Middlebury weighs town spending
MIDDLEBURY — The Middlebury selectboard on Jan. 25 will finalize a fiscal year 2023 (FY23) budget proposal that — if approved by residents on Town Meeting Day — would result in a property tax increase of no more than 3 cents per $100 in property value.
The board on Tuesday reviewed a third budget draft that called for $11,921,649 in spending. That would represent a $410,721 (or 3.6%) increase over this year’s budget of $11.5 million.
Town Manager Kathleen Ramsay also at the Tuesday meeting gave the board another version of the budget to consider. That proposal would apply more of a fund balance from prior years ($312,000, instead of $117,000) and use more surplus local option tax revenues ($1,050,000, instead of $1 million), and thus require only a 1.54-cent rise from the town’s current municipal property tax rate of 79.7 cents.
Much of those extra revenues would be earmarked for major equipment purchases — such as a mower and a police cruiser — Ramsay explained. The first budget draft reviewed by the selectboard in mid-December had called for a 5-cent hike in the municipal rate. Middlebury hasn’t seen a municipal tax rate hike that high in more than eight years.
Selectboard members on Tuesday were impressed by Ramsay’s budget proposal calling for the 1.54-cent tax rate hike, but they voiced some concern about its potential impact on Middlebury’s fund balance. As Ramsay also noted, prudent fiscal management calls for a community to maintain a surplus equivalent to 15% of its general fund budget. Her latest version of the FY23 budget would draw down the surplus to 13% of the fund, officials said.
With that in mind, the board has asked Ramsay to return on Jan. 25 with a budget draft reflecting a 3-cent bump in the municipal rate, which would assure the town’s surplus fund stays at the 15%-of-general-fund threshold.
The vast majority of the proposed FY23 budget increase is due to fixed costs and critical capital improvements, according to town officials. Those fixed costs include:
- A $217,523 rise in contracted employee wages and benefits. Specifically, wages are pegged to go up 4.5%, and benefits are slated for a 3.5% bump.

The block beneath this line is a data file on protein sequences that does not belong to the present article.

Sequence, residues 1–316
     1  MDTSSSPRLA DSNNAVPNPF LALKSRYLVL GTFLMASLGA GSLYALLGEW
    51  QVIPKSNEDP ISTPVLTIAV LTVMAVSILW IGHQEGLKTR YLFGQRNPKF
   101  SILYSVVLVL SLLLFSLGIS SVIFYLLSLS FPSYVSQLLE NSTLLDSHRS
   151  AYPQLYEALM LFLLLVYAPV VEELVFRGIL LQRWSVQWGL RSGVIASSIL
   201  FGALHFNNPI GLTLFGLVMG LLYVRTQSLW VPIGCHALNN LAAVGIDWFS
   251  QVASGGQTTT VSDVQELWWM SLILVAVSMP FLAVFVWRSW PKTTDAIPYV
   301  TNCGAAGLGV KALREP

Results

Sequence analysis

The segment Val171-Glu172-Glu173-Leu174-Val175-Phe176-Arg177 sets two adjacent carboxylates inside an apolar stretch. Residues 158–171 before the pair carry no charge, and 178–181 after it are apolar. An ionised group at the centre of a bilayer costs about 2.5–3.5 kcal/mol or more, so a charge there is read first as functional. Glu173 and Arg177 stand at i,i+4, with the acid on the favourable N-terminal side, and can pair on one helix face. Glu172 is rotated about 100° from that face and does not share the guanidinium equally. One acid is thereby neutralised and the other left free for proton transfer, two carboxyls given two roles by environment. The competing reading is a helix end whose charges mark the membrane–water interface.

- An 8.5% jump in capital improvement projects, representing a $122,366 increase over the $1,438,219 allocated for that category last year. Projects included on the list include sidewalk projects on Washington and Seminary street extensions; and road construction on Colonial Drive, Cady Road, Lower Foote Street, Maecliff Court and North Leno Lane, among others.
- A 16.2% ($69,052) increase for the replacement of town equipment.
Public works and police are the biggest expense categories for FY23, pegged at $3,605,870 and $2,514,268, respectively.
Selectboard member Heather Seeley, who chairs Middlebury’s Infrastructure Committee, said the town must strike a balance between using tax dollars and surplus.
“We’ve got to raise the taxes a little bit, and we’ve got to take a little from the fund balance,” she said. “I just don’t want to get to the position where we can’t take any more from the fund balance and then have to raise taxes by 8 cents.”
She and other board members said the town’s judicious use of surplus has helped leverage state aid to get major projects done more quickly than might otherwise have been the case.
“We’ve been successful in the past year having shovel-ready projects … and have been able to access considerable state funding for those projects because they were ready to go,” she said. “We did the work and engineering to get them to a certain point.”
Selectboard Chair Brian Carpenter said the town has been fortunate to have reserves to apply to large capital projects, so that the community can “pay cash as much as possible, instead of bonding for everything.”
It’s a strategy that could also come in handy with unprecedented amounts of federal aid available during the pandemic.
“We really feel strategically like we’re going to put ourselves in a position to maybe get more than our fair share of the ARPA (American Recovery Plan Act) funds,” Carpenter said. “We’re doing a better job of planning, and our staff is getting projects ready so they can match our funding.”
Resident Victoria DeWind was the only resident to weigh in on the latest municipal budget draft on Tuesday. She believes the board has done a good job limiting the spending increase, but urged officials to keep the tax impact as low as possible, given the large number of citizens on fixed incomes.
“I thought getting the tax rate reduced to 1.5 cents was really great,” she told the board. “The schools are looking like they’re going to be hitting us with a hefty increase, and I know that’s not your problem, but it all adds up. If you can, without risk, reduce the tax rate (by only 1.54 cents), I think you’re helping everyone — especially in this time … They say the economy has recovered, but inflation is hitting people hard.”
Reporter John Flowers is at firstname.lastname@example.org.
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